After living in Penang for a year and making some good friends from the Penang Chinese community, I like to mark the Chinese New Year, perhaps more than the Gregorian calendar one. I have fond memories of Chinese New Year 2017 as it was full of tradition. I was happy to be able to mark this New year with a visit to the theatre to see a Chinese dance troupe, though it was not quite as I expected (more about that in a subsequent post)…

To me New Year’s Eve post 1999 is a bit of a letdown, and super expensive. It seems to be a night to drink, pay extortionate entry fees, taxis and babysitters. I do not bother with NYE here really. In Penang, marking Chinese New year was refreshingly different.

In Penang, Malaysia:

There were oranges, red envelopes, performances and displays. It was amazing to be part of this. here is a display from a shopping centre called ‘Gurney Plaza’

We were lucky enough to have Chinese friends in Penang and a a result my daughter and I were invited to some celebrations.

I have to say I was delighted at first to be invited to fireworks.

However, after they started shooting along the road where we were standing by our flats and one being put on a traffic cone for extra lift, I was a bit of a nervous wreck!

What I like about CNY:

The sense of community and friendship. I‌ ‌also love‌ ‌the‌ ‌fact‌ ‌you‌ ‌get‌ ‌to‌ ‌feel‌ ‌like‌ ‌you‌ ‌have‌ ‌some‌ ‌control‌ ‌over‌ ‌what‌ ‌is‌ ‌coming.‌ ‌If‌ ‌you‌ ‌hang‌ ‌a‌‌ banner‌ ‌over‌ ‌your‌ ‌front‌ ‌door,‌ ‌for‌ ‌example,‌ ‌it‌ ‌can‌ ‌bring‌ ‌you‌ ‌prosperity,‌ ‌good‌ ‌health,‌ ‌whatever‌‌ you‌ ‌ask‌ ‌for.‌ We have done that this year. I’ll let you know how it goes!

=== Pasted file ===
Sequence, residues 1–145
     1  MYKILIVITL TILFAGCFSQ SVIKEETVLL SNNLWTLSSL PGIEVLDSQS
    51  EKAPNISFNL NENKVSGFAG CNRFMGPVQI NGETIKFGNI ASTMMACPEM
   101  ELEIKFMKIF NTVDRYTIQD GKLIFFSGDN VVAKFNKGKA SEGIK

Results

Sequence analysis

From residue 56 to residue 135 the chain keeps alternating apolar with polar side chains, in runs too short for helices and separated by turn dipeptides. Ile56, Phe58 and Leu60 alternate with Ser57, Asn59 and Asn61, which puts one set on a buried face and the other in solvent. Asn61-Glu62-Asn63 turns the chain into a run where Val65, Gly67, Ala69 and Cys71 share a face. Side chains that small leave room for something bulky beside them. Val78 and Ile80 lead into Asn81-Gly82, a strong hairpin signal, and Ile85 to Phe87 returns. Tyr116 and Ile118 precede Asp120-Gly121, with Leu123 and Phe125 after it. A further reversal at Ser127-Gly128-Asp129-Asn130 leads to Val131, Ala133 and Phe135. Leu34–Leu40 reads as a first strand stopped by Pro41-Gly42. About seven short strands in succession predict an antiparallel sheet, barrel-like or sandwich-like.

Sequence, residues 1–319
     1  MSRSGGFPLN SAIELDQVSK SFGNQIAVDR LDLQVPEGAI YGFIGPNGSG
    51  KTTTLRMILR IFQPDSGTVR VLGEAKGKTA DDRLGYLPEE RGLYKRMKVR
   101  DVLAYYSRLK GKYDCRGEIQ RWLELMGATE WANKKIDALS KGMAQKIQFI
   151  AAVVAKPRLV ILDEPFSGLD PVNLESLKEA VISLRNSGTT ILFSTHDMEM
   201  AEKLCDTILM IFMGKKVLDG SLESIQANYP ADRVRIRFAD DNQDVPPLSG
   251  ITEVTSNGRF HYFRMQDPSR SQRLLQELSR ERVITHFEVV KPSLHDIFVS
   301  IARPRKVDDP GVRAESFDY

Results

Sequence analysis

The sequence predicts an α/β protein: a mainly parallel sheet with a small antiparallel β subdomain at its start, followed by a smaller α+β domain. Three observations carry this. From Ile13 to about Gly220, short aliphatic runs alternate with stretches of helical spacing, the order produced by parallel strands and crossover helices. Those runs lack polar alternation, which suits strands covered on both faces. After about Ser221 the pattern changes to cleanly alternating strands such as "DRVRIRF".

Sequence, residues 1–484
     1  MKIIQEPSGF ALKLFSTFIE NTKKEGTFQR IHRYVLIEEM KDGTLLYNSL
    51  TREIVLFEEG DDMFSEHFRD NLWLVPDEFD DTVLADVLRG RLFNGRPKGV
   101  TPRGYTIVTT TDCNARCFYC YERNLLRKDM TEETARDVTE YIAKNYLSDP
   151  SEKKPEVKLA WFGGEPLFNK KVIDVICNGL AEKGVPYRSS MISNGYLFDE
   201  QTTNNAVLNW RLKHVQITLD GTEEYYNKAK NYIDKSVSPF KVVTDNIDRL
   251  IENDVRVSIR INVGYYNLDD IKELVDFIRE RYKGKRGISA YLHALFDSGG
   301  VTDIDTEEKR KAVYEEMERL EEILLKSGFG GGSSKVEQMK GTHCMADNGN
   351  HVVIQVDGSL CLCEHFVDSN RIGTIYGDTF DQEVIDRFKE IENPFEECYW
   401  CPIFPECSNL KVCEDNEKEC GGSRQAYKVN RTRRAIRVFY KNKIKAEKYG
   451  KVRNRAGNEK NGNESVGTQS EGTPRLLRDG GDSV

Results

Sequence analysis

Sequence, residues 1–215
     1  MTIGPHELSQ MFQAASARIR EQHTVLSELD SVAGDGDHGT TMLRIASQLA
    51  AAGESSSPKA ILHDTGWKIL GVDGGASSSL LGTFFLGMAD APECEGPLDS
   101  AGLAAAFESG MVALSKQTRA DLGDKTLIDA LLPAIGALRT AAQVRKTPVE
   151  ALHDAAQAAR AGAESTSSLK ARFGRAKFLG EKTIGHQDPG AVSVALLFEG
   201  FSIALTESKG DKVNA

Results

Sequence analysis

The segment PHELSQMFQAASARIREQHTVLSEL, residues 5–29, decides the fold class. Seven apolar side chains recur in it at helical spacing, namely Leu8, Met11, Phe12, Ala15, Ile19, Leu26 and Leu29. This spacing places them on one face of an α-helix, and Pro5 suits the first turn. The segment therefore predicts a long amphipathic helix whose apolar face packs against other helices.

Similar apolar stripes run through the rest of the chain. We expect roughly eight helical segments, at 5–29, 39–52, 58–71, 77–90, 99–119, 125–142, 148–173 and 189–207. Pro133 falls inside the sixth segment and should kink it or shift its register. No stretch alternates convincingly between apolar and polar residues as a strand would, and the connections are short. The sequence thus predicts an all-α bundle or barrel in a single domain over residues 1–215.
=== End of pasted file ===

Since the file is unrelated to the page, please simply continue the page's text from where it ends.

Good luck

In‌ ‌many‌ ‌shops‌ ‌there‌ ‌are‌ ‌boxes‌ ‌of‌ ‌oranges. Why? As the word for orange is like the word for ‘abundance’. Also, as oranges are kind of like gold in colour- think melted gold bars.‌ You can buy for your friends wishing them a propserous new year.

Red‌ ‌is‌ ‌a‌ ‌lucky‌ ‌colour‌ ‌and‌ ‌relatives‌ ‌and‌ ‌friends‌‌ give‌ ‌money‌ ‌to‌ ‌children‌ ‌in‌ ‌the‌ ‌special‌ ‌red‌ ‌envelopes.‌ ‌压‌岁‌钱‌ ‌(yā‌ ‌suì‌ ‌qián).‌ ‌This‌ ‌was‌ ‌my ‌‌daughter’s‌ ‌first‌ ‌introduction‌ ‌(aged‌ ‌3)‌ ‌to‌ ‌money:‌ ‌I‌ ‌explained‌ ‌how‌ ‌much‌ ‌it‌ ‌was‌ ‌and‌ ‌what‌ ‌sort‌ ‌of‌‌ things‌ ‌she‌ ‌could‌ ‌(and‌ ‌couldn’t)‌ ‌get‌ ‌in‌ ‌the‌ ‌toy‌ ‌shop.‌‌‌

There‌ ‌are‌ ‌whole‌ ‌books‌ ‌written‌ ‌on‌ ‌how‌ ‌each‌ ‌Chinese‌ ‌horoscope‌ ‌sign‌ ‌can‌ ‌manage‌ ‌things‌ ‌in‌‌ their‌ ‌life‌ ‌to‌ ‌improve‌ ‌things‌ ‌and‌ ‌prevent‌ ‌bad‌ ‌luck.‌ ‌I‌ ‌must‌ ‌say‌ ‌I‌ ‌bought‌ ‌one‌ ‌but‌ ‌got‌ ‌confused‌ ‌at some‌ ‌of‌ ‌the‌ ‌things‌ ‌I‌ ‌could‌ ‌do/‌ ‌buy, but who knows how my year might have turned out had I followed the advice?‌‌

Happy New Year!

新年快乐 xīn nián kuài lè